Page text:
As I was gathering my thoughts about the upcoming holiday and my favorite holiday, I was curious if I could connect my passion for politics with Thanksgiving. Recent polling from Quinnipiac University suggests that most Americans refrain from mentioning politics to family members during this time. While I agree that it is wise to avoid heated discussions, especially with those that we enjoy spending time with, perhaps we could consider some ways to cope and/or discuss events of political significance in a healthy way.
Listen. People want to be heard, and it is a key factor in achieving a solid conversation. Plus, by listening, you have the opportunity to learn something new.
Don’t assume. People change their positions on a given topic, especially with personal experience. Even if someone you know identifies as a Democrat/Republican, he/she might not agree with every opinion of that party.
Acknowledge their viewpoint and then either agree/disagree. Without acknowledging someone's viewpoint, you might make someone feel as if their opinion/beliefs do not matter as much as yours. Addressing their political concerns will allow for a healthier relationship.
No yelling. Even if you feel strongly about an issue such as healthcare, immigration, or criminal justice, raising your voice will make others hesitant to discuss politics with you in the future. You can be assertive and confident in your viewpoints/interpretation of policy without being exceptionally loud.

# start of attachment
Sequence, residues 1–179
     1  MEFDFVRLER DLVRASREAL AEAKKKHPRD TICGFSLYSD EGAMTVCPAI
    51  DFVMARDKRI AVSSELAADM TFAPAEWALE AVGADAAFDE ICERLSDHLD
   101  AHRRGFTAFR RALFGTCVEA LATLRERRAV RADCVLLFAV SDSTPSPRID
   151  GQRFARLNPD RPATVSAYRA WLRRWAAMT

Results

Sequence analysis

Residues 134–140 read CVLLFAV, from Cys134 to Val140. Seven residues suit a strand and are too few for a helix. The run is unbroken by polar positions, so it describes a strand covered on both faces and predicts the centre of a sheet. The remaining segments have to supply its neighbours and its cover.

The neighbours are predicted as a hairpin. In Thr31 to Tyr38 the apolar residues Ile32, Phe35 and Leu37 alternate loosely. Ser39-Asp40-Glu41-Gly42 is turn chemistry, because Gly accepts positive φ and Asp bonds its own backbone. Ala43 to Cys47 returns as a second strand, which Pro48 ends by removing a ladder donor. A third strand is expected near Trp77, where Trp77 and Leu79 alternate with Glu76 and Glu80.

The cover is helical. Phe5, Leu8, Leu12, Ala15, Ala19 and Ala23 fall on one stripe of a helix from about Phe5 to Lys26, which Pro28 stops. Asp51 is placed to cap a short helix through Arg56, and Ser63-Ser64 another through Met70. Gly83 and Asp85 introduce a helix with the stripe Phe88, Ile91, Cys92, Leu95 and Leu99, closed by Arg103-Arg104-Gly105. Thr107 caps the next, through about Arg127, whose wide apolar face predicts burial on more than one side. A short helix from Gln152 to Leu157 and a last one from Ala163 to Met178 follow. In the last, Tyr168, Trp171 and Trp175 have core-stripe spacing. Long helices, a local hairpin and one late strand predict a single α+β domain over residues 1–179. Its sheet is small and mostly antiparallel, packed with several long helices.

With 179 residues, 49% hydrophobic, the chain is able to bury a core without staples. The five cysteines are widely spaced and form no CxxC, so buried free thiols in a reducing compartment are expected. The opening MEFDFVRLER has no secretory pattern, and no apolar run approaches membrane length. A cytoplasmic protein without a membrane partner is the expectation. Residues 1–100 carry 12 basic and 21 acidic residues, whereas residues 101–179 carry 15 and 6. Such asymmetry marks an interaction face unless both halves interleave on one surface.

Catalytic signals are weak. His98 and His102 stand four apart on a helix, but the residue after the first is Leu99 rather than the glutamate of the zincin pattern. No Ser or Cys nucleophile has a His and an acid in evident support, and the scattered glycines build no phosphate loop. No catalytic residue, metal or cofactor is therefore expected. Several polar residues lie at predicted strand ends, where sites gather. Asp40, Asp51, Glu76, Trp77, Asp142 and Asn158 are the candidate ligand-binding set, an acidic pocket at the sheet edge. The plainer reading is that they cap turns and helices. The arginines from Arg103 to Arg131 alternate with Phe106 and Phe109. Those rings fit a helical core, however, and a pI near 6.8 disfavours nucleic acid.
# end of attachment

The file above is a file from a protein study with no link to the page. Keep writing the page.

Suggestions from experts:
Make “I” statements rather than “You” statements. Dan Harris, an ABC News reporter and someone with experience in people relations recommends Americans to express how they feel about a certain issue rather than projecting their feelings onto someone else. People can feel attacked if they are characterized in a certain way.
Don’t try to change minds. According to the Atlanta Behavioral Health Advocates in Psychology Today Magazine, “the existence of other beliefs does not have to threaten yours.” They emphasize the importance of staying curious in these scenarios.
Don’t attach emotion to politics. As one politician stated, a person is not “wrong or bad” if he/she interprets a situation differently (there are a few exceptions, perhaps). Emotion can cloud judgment, something not advantageous when it comes to enjoying Thanksgiving.
Find common ground: Karin Tamerius, a former psychiatrist and founder of Smart Politics, believes that families who are divided politically can still agree on certain aspects of policy. She encourages us to look for similarities among our viewpoints instead of solely focusing on what is different.
I hope this blog provides a bit of relief and insight for this year’s Thanksgiving and other events that might spark political conversations. Be sure to subscribe to the website for future messaging. If you have any other suggestions or tricks, feel free to comment below:
Quinnipiac University https://poll.qu.edu/poll-release?releaseid=3829